This guide contains the outputs of the CIT-eA e-assessment project. It contains:
- A toolkit – to support those implementing e-assessment
- Case Studies – based on the experience of the project
- Collaborative frameworks – to support e-assessment
- Outline proposals for a national e-assessment service – to support the development of e-assessment in the FE sector
The aims of the project were ambitious:
|“The aims of the project are ambitious”|
- Explore and identify the barriers to the adoption of e-assessment and identify workable solutions.
- Develop resources, tools and products that will improve the operational efficiency and effectiveness of providers
- Create processes, to enable improved uptake of existing e-assessment options as well as drive future development.
You can find out more about the background and rationale for the project by consulting the ‘Background to the CIT-eA Project’ at the back of this guide.
There are a great number of benefits to be gained by adopting e-assessment; in the ‘Getting Started’ section of this guide we list some of them. There is potential to be able to improve the speed, quality and consistency of assessment as well as feedback provided to students. It can also play a vital part in overcoming the pressing problems of teaching greater numbers of student from more academically diverse backgrounds with limited resources. These are big claims to make and the remit of our project included ‘explore and identify the barriers to adopting e-assessment and identify workable solutions’. This is what we hope you will find in this guide.
E-assessment is a subset of the wider field of e-learning, in 2004 a group of prominent researchers observed:
“The current situation can be best described as high-level ambitions with poor implementation.”
In the 10 years or so since, much has changed and learning technology is now firmly on the senior management agenda. As the Jisc BOLT project has observed, the main challenge is now to make the organisational and cultural changes that are needed, and that needs top-down management drive and engagement as well as bottom up innovation and creativity. This is a tricky problem, the Jisc BOLT project describes it like this:
“In most organisations the ability to accept and embrace technology in learning and teaching requires a major cultural change. Staff are typically fearful of change and methods need to be applied to try and overcome these barriers”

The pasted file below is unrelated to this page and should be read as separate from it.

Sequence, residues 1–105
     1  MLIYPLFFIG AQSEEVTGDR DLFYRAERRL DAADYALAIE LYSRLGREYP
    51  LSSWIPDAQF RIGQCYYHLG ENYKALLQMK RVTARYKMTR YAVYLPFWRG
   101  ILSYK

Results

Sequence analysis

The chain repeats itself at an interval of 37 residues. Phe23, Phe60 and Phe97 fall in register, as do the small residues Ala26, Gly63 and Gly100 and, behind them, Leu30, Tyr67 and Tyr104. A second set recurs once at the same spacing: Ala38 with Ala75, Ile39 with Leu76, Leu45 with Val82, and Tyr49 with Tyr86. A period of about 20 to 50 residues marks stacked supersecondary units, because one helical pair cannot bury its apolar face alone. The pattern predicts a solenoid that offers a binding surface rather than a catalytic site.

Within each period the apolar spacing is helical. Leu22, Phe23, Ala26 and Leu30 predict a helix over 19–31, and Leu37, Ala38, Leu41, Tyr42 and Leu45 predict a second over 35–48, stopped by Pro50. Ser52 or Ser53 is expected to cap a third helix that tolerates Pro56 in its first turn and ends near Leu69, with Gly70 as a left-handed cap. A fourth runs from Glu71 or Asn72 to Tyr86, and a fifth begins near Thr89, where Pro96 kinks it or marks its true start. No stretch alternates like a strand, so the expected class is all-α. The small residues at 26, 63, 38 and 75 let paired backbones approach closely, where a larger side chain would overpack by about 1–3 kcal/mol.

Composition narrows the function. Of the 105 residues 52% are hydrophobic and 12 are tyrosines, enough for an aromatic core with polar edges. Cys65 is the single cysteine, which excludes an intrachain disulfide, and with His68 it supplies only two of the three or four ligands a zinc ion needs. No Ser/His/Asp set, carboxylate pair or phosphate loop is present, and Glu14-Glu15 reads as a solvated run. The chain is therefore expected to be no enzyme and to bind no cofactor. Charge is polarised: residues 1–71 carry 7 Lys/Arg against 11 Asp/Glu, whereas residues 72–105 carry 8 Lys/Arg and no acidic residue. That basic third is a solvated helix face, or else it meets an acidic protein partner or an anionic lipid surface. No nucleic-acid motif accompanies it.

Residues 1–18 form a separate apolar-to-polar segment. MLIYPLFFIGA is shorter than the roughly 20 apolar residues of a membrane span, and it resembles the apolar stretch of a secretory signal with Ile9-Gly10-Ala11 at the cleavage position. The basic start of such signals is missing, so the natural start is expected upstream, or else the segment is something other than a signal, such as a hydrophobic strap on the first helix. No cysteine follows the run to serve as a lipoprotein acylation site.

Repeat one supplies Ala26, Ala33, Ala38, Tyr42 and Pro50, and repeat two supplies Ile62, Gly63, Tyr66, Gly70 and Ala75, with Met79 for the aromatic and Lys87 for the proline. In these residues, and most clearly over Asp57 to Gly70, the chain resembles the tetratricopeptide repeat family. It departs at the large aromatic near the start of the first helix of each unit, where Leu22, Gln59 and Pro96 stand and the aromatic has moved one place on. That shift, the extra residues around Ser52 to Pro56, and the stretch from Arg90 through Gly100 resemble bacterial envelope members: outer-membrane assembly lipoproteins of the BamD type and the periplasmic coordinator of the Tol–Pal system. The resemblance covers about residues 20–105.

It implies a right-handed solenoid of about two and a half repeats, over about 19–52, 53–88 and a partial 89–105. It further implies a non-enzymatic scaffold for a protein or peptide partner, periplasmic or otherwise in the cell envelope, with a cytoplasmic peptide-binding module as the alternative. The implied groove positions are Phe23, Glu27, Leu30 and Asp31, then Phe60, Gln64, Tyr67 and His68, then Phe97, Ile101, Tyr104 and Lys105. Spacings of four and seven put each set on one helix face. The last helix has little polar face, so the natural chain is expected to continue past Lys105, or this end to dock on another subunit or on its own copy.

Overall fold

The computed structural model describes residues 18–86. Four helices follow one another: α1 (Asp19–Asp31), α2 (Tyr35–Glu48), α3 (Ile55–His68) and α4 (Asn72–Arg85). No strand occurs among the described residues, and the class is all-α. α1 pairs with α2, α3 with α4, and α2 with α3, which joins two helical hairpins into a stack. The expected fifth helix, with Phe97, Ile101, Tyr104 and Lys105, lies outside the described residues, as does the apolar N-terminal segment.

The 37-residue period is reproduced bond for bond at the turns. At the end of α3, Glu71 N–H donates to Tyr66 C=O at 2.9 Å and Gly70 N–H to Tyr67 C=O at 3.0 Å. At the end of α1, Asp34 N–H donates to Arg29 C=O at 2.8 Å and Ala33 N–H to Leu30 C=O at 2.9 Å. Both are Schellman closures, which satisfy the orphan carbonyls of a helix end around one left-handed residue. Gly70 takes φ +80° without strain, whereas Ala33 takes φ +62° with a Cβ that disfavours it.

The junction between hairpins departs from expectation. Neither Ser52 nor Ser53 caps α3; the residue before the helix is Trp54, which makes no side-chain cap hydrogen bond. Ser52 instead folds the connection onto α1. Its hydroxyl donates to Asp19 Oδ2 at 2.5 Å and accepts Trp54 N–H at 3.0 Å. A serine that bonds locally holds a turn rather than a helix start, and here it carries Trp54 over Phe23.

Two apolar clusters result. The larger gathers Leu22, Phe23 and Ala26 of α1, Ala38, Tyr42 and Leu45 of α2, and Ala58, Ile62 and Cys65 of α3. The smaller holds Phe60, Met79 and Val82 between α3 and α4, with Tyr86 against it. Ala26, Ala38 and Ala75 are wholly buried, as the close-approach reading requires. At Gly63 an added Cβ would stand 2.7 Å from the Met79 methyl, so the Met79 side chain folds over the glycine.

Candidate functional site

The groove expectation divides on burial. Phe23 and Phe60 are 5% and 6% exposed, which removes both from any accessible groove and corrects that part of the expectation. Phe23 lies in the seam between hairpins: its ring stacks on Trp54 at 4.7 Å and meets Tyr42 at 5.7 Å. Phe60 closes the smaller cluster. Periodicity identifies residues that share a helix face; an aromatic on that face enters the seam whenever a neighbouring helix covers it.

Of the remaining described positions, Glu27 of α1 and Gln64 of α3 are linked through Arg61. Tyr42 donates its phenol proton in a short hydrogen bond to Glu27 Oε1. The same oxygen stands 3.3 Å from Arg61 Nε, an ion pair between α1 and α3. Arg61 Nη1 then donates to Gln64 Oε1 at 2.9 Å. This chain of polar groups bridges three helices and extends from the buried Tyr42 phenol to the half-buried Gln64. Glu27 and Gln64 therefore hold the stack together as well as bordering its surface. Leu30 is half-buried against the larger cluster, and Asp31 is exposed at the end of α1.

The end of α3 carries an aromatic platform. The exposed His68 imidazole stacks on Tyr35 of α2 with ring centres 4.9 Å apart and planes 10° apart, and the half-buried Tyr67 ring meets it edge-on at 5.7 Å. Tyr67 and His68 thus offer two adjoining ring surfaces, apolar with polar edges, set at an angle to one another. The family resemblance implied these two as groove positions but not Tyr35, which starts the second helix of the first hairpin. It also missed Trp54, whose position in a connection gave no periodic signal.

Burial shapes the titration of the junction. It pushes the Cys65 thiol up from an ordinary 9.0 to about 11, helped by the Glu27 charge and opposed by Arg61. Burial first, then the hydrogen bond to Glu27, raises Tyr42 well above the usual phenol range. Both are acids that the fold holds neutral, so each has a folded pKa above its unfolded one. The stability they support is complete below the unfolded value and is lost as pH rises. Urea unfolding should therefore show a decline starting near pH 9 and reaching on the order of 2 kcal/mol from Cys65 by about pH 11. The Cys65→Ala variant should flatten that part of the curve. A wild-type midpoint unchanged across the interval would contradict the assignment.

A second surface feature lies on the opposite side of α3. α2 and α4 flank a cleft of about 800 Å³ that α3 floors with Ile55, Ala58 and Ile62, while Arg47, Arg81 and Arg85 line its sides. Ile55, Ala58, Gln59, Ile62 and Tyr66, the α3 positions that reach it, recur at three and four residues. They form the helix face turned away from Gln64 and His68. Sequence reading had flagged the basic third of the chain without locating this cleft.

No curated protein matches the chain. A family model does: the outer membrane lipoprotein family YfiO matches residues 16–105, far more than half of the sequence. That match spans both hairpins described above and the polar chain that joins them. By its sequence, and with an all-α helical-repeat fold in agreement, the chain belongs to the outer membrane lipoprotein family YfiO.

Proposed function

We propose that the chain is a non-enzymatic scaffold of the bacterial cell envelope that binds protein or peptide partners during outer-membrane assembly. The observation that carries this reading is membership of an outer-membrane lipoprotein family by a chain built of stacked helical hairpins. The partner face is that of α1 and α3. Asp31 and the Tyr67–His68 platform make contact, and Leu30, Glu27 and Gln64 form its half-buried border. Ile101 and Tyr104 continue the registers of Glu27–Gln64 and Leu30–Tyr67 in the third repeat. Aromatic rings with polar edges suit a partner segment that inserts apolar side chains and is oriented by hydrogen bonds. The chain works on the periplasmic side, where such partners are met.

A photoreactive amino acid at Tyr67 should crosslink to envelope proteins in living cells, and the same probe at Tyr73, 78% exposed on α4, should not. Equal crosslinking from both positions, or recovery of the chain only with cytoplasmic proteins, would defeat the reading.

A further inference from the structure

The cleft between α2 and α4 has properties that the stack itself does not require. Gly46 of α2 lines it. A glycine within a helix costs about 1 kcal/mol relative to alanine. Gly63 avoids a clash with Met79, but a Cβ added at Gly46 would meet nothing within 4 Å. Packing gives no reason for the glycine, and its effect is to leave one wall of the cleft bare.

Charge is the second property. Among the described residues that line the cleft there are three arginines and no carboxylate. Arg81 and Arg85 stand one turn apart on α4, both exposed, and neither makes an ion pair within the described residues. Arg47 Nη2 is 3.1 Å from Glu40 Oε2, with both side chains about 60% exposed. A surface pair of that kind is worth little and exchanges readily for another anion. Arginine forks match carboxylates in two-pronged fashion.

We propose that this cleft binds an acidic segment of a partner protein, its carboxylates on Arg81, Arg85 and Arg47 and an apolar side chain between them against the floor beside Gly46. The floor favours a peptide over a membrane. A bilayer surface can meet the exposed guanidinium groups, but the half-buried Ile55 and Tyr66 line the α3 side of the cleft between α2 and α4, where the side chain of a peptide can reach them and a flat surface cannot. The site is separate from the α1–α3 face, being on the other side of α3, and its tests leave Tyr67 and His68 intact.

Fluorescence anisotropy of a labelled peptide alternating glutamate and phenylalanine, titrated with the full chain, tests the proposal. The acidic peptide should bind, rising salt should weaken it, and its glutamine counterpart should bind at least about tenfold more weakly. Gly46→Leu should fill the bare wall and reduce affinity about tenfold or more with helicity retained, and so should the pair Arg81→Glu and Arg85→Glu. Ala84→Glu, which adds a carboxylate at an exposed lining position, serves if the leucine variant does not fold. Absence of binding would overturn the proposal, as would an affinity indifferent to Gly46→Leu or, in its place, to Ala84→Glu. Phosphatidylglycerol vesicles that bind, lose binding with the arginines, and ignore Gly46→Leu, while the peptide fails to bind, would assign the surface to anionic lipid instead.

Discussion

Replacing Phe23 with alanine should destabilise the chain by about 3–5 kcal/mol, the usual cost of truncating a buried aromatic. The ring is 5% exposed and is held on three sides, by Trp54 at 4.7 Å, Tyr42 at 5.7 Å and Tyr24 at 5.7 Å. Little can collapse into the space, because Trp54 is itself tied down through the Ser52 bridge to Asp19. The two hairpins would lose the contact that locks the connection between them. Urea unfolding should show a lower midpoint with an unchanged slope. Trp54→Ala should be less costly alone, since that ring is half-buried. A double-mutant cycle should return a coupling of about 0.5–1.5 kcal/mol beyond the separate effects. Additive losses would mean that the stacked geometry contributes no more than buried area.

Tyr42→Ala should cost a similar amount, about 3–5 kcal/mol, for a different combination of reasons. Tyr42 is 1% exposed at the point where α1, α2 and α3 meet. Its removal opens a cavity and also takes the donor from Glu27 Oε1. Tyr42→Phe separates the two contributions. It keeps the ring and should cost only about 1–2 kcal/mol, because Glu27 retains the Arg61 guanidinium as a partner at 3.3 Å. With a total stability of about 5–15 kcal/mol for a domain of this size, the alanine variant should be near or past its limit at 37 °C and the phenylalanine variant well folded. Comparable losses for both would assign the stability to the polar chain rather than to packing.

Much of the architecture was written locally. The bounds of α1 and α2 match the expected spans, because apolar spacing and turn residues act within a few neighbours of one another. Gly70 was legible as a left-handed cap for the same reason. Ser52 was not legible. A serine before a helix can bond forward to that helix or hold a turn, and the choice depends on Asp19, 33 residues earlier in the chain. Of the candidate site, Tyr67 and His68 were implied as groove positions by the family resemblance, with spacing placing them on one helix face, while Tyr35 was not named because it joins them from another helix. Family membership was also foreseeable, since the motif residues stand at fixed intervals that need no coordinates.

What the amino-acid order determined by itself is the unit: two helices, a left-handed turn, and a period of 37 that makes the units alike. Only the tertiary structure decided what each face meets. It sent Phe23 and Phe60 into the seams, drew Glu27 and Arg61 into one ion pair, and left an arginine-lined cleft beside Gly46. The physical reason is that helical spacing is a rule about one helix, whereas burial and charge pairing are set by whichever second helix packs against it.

This kind of problem is sometimes described as a ‘wicked design problem’, meaning that it’s hard to solve effectively because there are lots of conflicting ideas, values and interest groups involved. The Jisc BOLT project provides good advice for dealing with these issues and the internal politics of an organisation.
|“a major cultural change”|
Taking the above ‘Problem Space’ as our starting point we have approached the task in a way that looks at ‘how things work’ and what needs to change to make the best use of the available technology. This means taking a critical approach to both the claims made for the technology and the way things currently work in our current college systems. In this situation we take it as self-evident that there are two main ingredients in developing realistic and sustainable solutions to adopting e-assessment:
Systematic methods – understanding how the component pieces of the Scottish FE system work (nationally, regionally, internally in the college, students, employers, political and economic factors). This approach has been recognised as essential in recent studies:
“[e-Assessment] touches on many aspects of institutional practice and is a matter of importance for staff (and hence their representative professional bodies) in many different roles: managerial, learning and teaching, learning support, IT and administration.”
Creative interventions – understanding the ‘systemic’ characteristics of the problem is a sound foundation for creativity. The trick is to develop actions that can take these into account and make a positive change in a particular local context. This means listening and negotiating to make step-by-step progress that can generate lasting change and be the basis for further development.